Tag Archives: joint stability

Up-Tempo Training is Best

1 Apr

45_2[1]

Seated Cable Row

One of our preferred strategies when training athletes (and virtually every other client) involves minimizing rest intervals among and between sets.  Maintaining an “up-tempo” pace  — keeping the heart rate up during a workout — results in continuous improvement, regardless of fitness level.

There’s no need to be in the weight room all day.  Most of our clients’ sessions are about 45-50 minutes in duration, and there’s very little “down” time.  They get in, get their work done, and get out (and recover).

We’ve found that agonist-antagonist paired sets (working opposing muscle groups — pushing and pulling — e.g., the bench press and row) are a great way to maintain an aggressive workout tempo, improve workout efficiency, and reduce training time, while not compromising workout quality.  In addition to strengthening muscles, this strategy strengthens and stabilizes joints and helps prevent injury.  Our athletes and clients perform the paired exercises, back-to-back, completing all sets with as little rest as they can manage, then rest for one minute before proceeding to the next pair of exercises.

We also vary our training programs, changing exercises weekly, while ensuring that each session is a total-body workout.  Performing different exercises for similar muscle movements is important to keep workouts challenging.

High-intensity interval training (HIIT) is another terrific way to maintain an efficient, up-tempo workout.  HIIT involves alternating high- and low-intensity exercise over a pre-determined period of time.  We like a ratio of 1:3, high-intensity to low-intensity, as a benchmark, depending on the athlete’s/client’s fitness level.

Get STRONGER, Get FASTER!

Your thoughts?

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Add Isometric Exercises to Your Training Regimen

27 Feb

squat-a-ex_0[1]Want to accelerate your strength and power gains — and add some variation — in the weight room?   Incorporate isometric exercises into your training regimen.

The term “isometric” actually comes from two Greek words meaning “equal measure.”  There are a number of ways to define the word isometric but, basically, an isometric exercise is one in which there is muscle contraction without movement (muscle length does not change during contraction).

Here are some examples of isometric exercises:

  • Holding a pushup in the “down” position for some pre-determined period of time (or, as long as possible)
  • Holding a squat in the “down” position
  • Holding a chinup/pullup in the “up” position

Isometric exercises may also involve a pause (shorter hold) between the eccentric and concentric (up and down, or push and pull) phases of the exercise.  You can increase the intensity level of isometric exercises by adding time to the “hold,” or adding weight to the exercise.

How can athletes benefit from isometric exercises?

Every athlete wants to be able to generate a lot of explosive force.  Isometric exercises, when added to a training regimen, have been shown to help athletes produce more power.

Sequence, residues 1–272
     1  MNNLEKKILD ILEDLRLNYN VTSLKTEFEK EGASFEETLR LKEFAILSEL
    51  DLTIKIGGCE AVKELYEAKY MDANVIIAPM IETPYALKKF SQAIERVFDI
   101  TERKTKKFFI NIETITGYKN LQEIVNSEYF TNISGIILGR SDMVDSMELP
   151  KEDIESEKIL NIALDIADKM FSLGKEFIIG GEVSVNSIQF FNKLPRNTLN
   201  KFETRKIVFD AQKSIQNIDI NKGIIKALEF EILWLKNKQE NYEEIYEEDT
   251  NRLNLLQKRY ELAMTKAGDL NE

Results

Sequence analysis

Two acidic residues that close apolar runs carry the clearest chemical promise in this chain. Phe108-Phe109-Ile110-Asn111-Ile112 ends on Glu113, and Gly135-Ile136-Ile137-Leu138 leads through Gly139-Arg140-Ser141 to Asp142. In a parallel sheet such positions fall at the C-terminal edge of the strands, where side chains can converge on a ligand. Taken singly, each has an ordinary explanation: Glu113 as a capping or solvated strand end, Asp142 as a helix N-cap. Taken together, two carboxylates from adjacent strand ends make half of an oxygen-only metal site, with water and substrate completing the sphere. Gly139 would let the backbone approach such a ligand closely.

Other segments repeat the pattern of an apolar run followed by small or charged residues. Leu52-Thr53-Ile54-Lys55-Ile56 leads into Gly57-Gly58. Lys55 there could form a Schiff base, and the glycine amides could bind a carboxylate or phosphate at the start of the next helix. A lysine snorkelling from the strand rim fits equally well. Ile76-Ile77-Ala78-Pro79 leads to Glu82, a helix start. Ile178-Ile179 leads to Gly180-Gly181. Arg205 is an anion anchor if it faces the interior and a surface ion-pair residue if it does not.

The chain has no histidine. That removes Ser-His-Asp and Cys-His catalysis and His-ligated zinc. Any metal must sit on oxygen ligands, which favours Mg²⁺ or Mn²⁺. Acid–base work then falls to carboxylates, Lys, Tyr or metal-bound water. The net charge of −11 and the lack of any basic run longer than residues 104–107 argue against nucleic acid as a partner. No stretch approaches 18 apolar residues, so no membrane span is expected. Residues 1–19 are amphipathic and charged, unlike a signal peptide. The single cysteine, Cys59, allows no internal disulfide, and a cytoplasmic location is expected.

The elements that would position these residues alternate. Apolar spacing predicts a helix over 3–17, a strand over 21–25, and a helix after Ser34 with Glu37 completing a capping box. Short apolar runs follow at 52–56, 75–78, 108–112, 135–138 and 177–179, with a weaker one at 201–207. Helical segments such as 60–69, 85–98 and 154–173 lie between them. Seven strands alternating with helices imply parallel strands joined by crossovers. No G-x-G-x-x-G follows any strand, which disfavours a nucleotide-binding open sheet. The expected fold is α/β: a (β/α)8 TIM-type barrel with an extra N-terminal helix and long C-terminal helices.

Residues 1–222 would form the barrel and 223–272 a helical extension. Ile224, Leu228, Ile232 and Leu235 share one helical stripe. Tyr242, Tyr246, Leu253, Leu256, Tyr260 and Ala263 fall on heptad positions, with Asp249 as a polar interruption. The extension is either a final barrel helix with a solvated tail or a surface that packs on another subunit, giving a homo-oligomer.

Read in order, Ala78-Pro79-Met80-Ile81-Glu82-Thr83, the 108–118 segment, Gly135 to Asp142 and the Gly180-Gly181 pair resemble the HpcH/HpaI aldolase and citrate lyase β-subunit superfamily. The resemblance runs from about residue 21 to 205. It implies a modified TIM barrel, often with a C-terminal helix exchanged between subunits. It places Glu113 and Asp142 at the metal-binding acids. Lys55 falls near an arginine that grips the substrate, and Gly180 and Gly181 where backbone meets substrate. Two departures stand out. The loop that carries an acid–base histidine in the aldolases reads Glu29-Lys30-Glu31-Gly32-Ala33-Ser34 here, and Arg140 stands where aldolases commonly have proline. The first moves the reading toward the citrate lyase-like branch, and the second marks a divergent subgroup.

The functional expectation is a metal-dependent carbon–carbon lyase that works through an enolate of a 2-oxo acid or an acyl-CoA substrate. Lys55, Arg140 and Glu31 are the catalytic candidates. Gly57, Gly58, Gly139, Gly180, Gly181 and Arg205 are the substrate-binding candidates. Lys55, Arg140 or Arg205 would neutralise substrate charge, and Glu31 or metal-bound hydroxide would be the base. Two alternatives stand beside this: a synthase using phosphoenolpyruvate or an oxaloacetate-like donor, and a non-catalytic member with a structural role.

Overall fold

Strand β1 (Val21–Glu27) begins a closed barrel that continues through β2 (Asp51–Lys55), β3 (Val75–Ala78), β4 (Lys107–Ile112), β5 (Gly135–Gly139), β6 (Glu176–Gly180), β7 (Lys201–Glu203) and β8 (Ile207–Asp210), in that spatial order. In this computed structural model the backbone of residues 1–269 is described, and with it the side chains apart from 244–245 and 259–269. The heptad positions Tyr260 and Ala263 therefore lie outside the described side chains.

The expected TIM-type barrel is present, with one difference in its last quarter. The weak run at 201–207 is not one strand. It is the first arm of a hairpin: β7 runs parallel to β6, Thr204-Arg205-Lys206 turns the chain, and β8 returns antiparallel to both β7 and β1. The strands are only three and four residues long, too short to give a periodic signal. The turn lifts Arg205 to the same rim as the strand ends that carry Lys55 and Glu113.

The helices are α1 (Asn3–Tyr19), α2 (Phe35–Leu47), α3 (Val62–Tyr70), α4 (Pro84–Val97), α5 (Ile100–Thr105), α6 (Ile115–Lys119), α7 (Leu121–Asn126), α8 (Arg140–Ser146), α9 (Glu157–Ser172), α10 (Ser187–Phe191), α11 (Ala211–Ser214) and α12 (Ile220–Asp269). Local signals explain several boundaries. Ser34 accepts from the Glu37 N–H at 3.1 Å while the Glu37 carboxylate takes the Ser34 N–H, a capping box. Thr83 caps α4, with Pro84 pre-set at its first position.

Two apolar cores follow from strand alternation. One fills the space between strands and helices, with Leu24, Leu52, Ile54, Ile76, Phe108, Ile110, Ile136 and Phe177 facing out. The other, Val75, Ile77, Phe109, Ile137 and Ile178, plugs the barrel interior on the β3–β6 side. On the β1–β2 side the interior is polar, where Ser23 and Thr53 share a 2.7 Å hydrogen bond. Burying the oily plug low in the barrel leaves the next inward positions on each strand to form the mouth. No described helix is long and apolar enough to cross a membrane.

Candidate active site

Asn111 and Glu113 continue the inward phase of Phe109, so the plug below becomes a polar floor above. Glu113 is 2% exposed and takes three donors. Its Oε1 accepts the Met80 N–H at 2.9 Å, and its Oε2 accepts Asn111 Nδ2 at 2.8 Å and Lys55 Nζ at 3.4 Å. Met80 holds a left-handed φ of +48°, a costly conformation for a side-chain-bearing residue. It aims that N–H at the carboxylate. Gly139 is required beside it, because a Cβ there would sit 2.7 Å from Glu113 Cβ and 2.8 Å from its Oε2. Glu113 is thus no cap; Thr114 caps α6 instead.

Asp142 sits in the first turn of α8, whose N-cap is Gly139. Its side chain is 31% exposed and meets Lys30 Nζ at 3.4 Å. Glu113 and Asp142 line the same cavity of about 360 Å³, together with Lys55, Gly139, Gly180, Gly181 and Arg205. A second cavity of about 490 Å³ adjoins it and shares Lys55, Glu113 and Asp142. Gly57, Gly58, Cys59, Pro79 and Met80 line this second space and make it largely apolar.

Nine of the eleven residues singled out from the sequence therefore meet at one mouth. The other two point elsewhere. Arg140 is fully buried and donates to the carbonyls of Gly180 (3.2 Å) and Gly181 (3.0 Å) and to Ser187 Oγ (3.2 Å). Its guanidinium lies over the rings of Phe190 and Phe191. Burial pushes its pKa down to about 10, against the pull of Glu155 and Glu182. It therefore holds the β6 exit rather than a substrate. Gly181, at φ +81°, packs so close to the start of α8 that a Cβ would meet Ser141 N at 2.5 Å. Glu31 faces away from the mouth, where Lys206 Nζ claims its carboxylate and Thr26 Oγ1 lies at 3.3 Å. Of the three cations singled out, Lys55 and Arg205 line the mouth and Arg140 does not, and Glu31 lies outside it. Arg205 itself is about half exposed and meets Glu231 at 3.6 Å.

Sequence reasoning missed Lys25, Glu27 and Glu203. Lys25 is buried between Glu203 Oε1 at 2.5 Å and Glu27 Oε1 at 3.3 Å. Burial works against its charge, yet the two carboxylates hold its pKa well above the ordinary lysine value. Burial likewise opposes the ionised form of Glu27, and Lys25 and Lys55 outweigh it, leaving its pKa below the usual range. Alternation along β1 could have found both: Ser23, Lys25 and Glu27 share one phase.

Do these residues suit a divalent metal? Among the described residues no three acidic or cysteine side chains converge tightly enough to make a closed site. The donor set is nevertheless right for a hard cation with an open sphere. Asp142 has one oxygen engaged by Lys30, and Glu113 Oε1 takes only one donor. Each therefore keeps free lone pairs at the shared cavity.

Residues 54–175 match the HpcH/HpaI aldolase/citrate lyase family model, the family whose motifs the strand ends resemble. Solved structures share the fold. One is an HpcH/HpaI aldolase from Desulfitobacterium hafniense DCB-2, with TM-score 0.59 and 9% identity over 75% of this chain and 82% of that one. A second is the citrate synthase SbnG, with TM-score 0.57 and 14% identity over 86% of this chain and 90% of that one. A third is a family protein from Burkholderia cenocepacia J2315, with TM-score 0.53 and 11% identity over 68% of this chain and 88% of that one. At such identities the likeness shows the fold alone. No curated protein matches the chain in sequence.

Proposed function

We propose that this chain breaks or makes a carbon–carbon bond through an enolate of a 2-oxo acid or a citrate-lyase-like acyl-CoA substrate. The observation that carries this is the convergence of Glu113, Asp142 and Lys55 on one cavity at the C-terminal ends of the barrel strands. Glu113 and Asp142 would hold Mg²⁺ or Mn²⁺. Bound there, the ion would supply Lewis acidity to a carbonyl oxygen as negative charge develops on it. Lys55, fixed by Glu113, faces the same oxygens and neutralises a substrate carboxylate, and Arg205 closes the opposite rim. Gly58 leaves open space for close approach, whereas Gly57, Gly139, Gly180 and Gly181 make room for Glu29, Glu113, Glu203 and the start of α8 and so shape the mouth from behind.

Isometric exercises can help athletes improve their ability to absorb impact and resist force.

Isometric exercises are useful in helping athletes build muscle and joint stability.

Because of the “mental toughness” required to hold an isometric exercise for as long as possible, athletes can learn to improve mental focus and overcome fatigue.

Beginners may benefit from isometric exercises when they are unable to perform an exercise (like a pushup or chinup) with technical correctness through a full range-of-motion.  The strength built, over time, by doing the isometric version of the exercise can improve their ability to perform the traditional exercise.

When performing isometric exercises, athletes should strive for perfect form and posture.

Get STRONGER, Get FASTER!

Your thoughts?

Train for Performance

6 Jan

performance-training-squat1For most young guys, “fitness” is about being as big as possible.  As we mature, we realize that fitness has little to do with the size of our biceps and more to do with how we function and perform.

Performance training involves determining what your body needs on a given day (based on your activities), setting performance goals, and creating – and executing – a plan of action that’s aligned with your goals.

Performance training is movement-based training, not muscle-based.

Performance training is about getting stronger, not bigger.  It’s about becoming more powerful, faster, and improving your endurance, mobility, and joint stability.

Trust me, you’ll get the aesthetics you’re looking for from training for performance.

Get STRONGER, Get FASTER!

Your thoughts?

Plyometric Training Improves Joint Stability

16 Sep

Plyos[1]Anterior cruciate ligament (ACL) injuries are common in basketball athletes, with a reported incidence as high as 1.6 per 1,000 player hours.

An efficient plyometric training program within basketball practice can improve lower-extremity postural control and stability, according to a Journal of Strength and Conditioning Research study.

In the study, plyometric (jump) training was associated with a decrease in ACL injuries by enhancing “joint awareness” — postural control and/or balance.